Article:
I came across the photograph, and mention of the Andamanese peoples, in 'War and the Noble Savage: A critical inquiry into recent accounts of violence amongst uncivilized peoples', a copy of which I picked up from the author (Gyrus of Dreamflesh) at last weekend's anarchist bookfair in London. The book provides an overview of the debate about the extent of violence amongst so-called primitive people, the two poles of which are often taken to be the notion of the noble savage living peaceably in the state of nature (attributed to Rousseau) and the notion of the state of nature as a war of all against all from which the development of the state saved humanity (attributed to Thomas Hobbes). One of the first tasks Gyrus undertakes is to question whether Rousseau and Hobbes really did hold these views, concluding that both were undertaking political-philosophical thought experiments rather than describing actual societies. Nevertheless the question continues to be very much a live one for anthropologists and others.
The conclusion is that it is impossible to be conclusive about many different societies spread over the world and many thousands of years. Nobody who has seriously looked at the matter suggests that hunter-gatherer societies have been violence-free - the anthropologist Donald E. Brown includes conflict and 'male coalitional violence' on his list of Human Universals observed in all known human societies. However Brown also includes co-operation and mediation of conflict on this list (as well as music and dance incidentally). The balance between war and peace seems to often been as much a function of environmental factors, such as resource shortages, as of the form of social organisation. Gyrus is sceptical of an over-romantic description of 'primitive' life, but sympathetic to the view that active warfare is comparatively rare in small hunter-gatherer groups characterised by egalitarianism and face to face decision-making.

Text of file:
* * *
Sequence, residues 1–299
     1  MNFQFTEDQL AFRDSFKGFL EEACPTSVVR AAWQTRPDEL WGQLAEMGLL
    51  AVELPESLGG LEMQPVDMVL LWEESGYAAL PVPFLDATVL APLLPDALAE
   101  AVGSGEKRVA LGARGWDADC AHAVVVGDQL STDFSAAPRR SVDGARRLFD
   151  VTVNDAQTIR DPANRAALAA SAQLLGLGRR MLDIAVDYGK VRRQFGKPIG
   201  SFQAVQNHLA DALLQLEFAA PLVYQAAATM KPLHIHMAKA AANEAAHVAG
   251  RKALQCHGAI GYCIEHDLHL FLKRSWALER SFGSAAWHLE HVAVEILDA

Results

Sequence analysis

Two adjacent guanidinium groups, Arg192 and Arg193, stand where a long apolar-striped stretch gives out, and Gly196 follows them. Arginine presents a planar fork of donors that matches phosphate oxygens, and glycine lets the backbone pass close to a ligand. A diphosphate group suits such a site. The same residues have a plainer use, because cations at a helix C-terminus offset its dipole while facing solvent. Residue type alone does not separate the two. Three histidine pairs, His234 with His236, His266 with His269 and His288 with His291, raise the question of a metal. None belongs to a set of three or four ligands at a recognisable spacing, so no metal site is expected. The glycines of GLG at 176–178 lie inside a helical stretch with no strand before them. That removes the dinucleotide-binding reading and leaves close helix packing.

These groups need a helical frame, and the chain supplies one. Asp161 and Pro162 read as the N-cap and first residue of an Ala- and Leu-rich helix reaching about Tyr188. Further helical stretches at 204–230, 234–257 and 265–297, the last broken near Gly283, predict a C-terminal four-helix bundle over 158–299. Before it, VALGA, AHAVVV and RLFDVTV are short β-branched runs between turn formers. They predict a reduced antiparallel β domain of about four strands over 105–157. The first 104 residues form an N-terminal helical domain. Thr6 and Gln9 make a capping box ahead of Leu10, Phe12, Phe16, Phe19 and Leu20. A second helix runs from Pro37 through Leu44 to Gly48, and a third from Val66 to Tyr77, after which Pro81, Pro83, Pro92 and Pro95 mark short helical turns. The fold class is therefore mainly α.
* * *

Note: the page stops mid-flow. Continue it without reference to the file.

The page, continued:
So if life in the Paleolithic wasn't so bad, why did most of humanity settle down into sedentary lifestyles? Gyrus quotes from Steven Mithen's discussion of the Natufian people of the Middle East, believed to have been one of the first groups to give up hunter-gathering some 12,000 year ago:
'It is possible that the Natufian... people were prepared to suffer the downside of village life... to enjoy the benefits. Francois Valla... believes that the Natufian villages simply emerged from the seasonal gathering of the Kebaran people. He recalls the work of social anthropologist Marcel Mauss who lived with hunter-gatherers in the Arctic at the turn of the century. Mauss recognised that periodic gatherings were characterised by intense communal life, by feasts and religious ceremonies, by intellectual discussion, and by lots of sex. In comparison, the rest of the year, when people lived in small far-flung groups, was rather dull',
So perhaps it was our taste for partying, for large scale sociability and conviviality ('intense communal life'), that led most of the human species into the decidedly double-edged adventure of civilization, agriculture, states and urbanisation. In any event, there's no going back to hunter gathering for most of us - but as Gyrus concludes the existence of such societies can still 'inspire new stories of human potential'.